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Meet: Armando Gabino

Who else we've met in 2009:  Luis Ayala, Jose Morales, Sean Henn and Bob Keppel

After having the luxury of being able to watch the Twins run off a streak of wins before taking a major league mound for the first time, tonight Armando Gabino will become the tenth pitcher to start a game for Minnesota in 2009.

Gabino's career began quietly, signing with the Cleveland Indians as an undrafted free agent out of the Dominican Republic in 2001 when he was 17.  He was also a third baseman originally, and was converted to a pitcher in 2003.  In 2004, the 20-year old right-hander made his debut in the State-side Indians' system, pitching a decent but unimpressive 19 innings for Burlington, a Cleveland rookie-league squad.  He allowed just one home run on 20 hits, walking five and striking out 12.  He allowed 13 runs, but only nine were earned.

Left unprotected, the Twins nabbed him in the Rule 5 draft after the season.  Whatever he may have shown in those 19 innings, Minnesota must have seen something that caused them to take a flier.  They may have even liked him prior, as he played in the Dominican.  Making his Twins-system debut in '05, Gabino made just three starts in 17 appearances and was hammered.  45 hits and 12 walks in just 30 innings led to 28 runs, and suffice it to say the Twins started in rookie league for the third consecutive season in '06.

This time, however, five good games (including one start, his last until this season in Rochester) earned him a promotion almost immediately.  He spent most of 2006 in Beloit, appearing in relief 16 times while not experiencing significant fluctuations in walk or strikeout rates.  His groundball rate did rebound, which helped keep balls in the park.

Excellent walk rates, allowing less than a hit per inning and keeping the ball in the park earned him a promotion after just 22 innings with Beloit in 2007.  In Fort Myers, now 23, Gabino continued to excel:  27 hits in 37 innings, just one home run and 25 strikouts earned him his second promotion of the year.  In 16 innings in New Britain, Gabino didn't allow a run.  He retired 14 on strikes, and generally was on fire.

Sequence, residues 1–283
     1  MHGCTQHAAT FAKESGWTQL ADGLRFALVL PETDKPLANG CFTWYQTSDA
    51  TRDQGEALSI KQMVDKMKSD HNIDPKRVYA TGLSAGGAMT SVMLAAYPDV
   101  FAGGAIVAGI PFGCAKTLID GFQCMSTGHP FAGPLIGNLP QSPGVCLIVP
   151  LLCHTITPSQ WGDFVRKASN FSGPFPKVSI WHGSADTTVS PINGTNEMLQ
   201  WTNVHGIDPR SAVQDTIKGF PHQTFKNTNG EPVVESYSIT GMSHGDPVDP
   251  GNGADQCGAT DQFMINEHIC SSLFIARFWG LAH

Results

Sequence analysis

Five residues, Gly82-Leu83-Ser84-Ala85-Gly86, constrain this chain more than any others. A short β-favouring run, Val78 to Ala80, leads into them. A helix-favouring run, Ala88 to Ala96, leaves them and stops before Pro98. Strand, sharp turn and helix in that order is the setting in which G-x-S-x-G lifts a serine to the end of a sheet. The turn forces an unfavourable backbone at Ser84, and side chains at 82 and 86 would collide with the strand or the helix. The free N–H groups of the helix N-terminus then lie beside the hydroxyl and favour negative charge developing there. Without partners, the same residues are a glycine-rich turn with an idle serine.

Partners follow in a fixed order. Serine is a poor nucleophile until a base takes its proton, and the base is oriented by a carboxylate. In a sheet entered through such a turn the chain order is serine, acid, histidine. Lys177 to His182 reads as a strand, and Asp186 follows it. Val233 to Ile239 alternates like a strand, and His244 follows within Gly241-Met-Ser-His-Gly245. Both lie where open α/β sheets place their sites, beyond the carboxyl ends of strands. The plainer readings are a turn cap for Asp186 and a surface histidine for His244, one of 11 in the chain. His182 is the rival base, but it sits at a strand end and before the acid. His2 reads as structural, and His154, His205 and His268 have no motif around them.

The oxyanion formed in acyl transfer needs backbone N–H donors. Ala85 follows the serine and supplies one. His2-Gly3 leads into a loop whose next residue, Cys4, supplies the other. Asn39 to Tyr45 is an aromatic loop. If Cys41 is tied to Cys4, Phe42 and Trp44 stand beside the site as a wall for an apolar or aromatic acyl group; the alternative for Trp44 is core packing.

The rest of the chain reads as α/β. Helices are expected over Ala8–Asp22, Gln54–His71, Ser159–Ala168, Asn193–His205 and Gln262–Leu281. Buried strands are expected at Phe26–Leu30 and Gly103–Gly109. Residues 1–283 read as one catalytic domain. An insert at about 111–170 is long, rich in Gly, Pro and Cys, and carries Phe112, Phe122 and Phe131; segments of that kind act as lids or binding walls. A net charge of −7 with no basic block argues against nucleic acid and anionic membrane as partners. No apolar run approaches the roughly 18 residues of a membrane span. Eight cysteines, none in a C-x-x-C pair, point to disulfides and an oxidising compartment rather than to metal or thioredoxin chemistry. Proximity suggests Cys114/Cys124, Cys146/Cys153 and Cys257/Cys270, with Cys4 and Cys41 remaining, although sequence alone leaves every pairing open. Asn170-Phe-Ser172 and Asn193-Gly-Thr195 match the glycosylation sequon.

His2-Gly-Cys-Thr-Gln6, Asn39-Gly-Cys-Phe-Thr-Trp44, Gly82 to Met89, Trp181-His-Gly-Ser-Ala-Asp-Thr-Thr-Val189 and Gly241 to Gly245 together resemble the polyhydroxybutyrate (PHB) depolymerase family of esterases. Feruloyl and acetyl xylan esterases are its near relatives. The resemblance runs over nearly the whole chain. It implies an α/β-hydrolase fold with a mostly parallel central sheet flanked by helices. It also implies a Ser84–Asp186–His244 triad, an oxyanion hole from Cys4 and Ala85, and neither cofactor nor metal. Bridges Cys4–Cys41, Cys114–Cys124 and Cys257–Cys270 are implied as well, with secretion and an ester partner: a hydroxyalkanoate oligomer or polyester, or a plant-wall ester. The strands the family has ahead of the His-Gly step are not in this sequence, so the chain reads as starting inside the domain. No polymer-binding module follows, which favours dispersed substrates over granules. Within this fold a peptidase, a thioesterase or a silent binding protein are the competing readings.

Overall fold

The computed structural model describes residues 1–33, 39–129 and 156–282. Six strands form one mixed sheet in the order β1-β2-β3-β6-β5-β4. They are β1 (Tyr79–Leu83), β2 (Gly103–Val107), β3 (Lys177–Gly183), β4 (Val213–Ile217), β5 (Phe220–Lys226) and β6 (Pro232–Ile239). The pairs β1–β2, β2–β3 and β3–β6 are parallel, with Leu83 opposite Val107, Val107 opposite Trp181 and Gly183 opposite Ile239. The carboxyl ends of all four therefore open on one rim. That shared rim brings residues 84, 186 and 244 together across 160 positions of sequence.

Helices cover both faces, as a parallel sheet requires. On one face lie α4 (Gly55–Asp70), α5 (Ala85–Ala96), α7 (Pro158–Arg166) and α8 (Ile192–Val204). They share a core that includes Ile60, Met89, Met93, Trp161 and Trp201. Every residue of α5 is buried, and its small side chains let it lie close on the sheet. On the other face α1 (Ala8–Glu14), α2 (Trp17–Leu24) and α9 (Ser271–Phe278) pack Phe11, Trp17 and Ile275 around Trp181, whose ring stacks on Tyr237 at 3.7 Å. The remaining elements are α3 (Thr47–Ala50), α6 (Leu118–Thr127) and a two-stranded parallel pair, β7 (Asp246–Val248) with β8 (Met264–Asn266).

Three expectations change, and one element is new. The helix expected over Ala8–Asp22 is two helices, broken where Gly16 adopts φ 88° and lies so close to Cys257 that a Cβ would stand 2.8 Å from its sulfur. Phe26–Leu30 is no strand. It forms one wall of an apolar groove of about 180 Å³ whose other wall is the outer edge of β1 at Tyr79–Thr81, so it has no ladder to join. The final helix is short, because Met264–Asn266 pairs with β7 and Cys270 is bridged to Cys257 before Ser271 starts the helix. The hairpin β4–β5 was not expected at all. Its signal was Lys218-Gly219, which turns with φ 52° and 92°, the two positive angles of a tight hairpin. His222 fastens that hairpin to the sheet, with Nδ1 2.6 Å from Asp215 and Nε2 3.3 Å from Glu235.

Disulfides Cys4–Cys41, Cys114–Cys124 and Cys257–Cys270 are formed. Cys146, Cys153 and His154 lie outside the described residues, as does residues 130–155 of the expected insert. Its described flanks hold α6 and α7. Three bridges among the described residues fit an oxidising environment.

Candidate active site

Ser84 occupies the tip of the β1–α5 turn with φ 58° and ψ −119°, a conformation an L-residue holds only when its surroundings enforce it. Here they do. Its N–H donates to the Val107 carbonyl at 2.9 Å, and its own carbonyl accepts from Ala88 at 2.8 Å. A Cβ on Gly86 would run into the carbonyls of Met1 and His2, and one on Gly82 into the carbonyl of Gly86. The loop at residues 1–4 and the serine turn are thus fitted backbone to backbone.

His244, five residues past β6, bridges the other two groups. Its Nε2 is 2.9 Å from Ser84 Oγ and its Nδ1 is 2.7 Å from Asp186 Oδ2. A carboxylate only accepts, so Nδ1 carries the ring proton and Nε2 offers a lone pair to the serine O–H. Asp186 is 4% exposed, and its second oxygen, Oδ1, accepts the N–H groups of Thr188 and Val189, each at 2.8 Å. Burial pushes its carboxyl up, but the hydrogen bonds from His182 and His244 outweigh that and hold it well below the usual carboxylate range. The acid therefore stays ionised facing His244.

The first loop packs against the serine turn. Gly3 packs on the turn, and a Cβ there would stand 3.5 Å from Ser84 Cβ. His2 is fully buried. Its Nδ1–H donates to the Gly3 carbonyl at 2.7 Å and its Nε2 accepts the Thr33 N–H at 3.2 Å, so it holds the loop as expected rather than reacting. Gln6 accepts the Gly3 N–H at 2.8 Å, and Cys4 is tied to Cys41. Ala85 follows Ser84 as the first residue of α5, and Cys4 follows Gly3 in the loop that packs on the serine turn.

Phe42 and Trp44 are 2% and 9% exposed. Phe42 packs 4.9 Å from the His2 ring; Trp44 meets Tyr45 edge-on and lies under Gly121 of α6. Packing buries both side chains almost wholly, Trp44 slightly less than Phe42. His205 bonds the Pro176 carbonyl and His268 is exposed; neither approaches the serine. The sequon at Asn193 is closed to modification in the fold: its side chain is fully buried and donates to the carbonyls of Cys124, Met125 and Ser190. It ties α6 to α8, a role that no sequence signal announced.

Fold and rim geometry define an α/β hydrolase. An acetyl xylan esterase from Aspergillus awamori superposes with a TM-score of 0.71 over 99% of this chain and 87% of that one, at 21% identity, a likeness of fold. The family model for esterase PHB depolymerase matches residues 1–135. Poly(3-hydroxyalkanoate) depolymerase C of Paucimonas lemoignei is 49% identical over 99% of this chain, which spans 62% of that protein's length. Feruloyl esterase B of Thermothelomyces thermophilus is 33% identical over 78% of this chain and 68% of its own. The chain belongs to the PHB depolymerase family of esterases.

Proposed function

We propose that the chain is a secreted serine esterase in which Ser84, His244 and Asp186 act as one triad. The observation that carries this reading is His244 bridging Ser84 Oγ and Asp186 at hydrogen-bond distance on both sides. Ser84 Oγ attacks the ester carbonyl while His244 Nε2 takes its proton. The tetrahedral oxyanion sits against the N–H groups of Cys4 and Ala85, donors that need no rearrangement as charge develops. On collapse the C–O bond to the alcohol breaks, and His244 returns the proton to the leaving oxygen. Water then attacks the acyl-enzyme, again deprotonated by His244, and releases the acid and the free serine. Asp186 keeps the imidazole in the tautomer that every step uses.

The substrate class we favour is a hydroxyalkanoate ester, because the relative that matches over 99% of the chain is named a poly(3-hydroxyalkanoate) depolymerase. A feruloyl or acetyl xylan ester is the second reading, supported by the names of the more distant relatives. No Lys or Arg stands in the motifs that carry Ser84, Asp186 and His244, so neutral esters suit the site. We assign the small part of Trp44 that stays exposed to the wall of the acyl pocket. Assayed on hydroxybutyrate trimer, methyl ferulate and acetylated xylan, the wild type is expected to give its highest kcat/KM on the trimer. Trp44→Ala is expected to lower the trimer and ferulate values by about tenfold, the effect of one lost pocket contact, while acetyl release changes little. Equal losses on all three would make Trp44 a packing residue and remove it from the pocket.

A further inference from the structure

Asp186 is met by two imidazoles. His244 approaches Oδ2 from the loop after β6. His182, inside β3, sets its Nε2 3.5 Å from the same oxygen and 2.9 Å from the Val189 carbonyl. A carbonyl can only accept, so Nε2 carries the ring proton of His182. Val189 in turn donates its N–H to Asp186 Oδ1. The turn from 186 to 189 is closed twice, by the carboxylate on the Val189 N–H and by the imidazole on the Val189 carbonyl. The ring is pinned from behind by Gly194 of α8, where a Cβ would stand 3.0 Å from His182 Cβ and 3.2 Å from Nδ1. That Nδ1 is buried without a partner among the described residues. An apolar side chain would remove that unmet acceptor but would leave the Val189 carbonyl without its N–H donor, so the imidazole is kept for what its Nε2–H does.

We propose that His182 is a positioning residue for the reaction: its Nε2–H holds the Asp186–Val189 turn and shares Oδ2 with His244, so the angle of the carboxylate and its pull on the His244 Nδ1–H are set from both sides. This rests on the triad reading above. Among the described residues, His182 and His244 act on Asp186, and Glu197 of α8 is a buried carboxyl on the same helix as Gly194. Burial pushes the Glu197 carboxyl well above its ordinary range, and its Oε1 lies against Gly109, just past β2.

Minnesota kept him in double-A for the whole of 2008, where he made 49 relief appearances and accumulated 81.1 innings, to the tune of a 3.10 ERA.  The walk rates had doubled since Beloit, but he was still excelling at keeping the ball in the park.

This season saw him dropped into triple-A for the first time at 25, eight years after signing with Cleveland.  His first 31 appearances were all out of the bullpen, but with Brian Duensing and Anthony Swarzak in Minnesota the Red Wings were in need of starters.  In those five starts, Gabino compiled a 2.16 ERA.  Impressive, to be sure.

Owning what's been called a "heavy" fastball in the low to mid-90's, a breaking ball and an off-speed pitch, Gabino's "stuff" might actually be better than Swarzak's.  When he makes his debut tonight, watch the movement he displays not just on that slider, but on his fastball as well.  Right now, the Twins are in desperate need of a guy to step up and fill some empty shoes, and if Armando can strike while the iron is hot, then this will becomes his job to lose.

Good luck tonight, Armando.  Pitch your tail off.

Armando Gabino

#63 / Pitcher / Minnesota Twins





Aug 31, 1983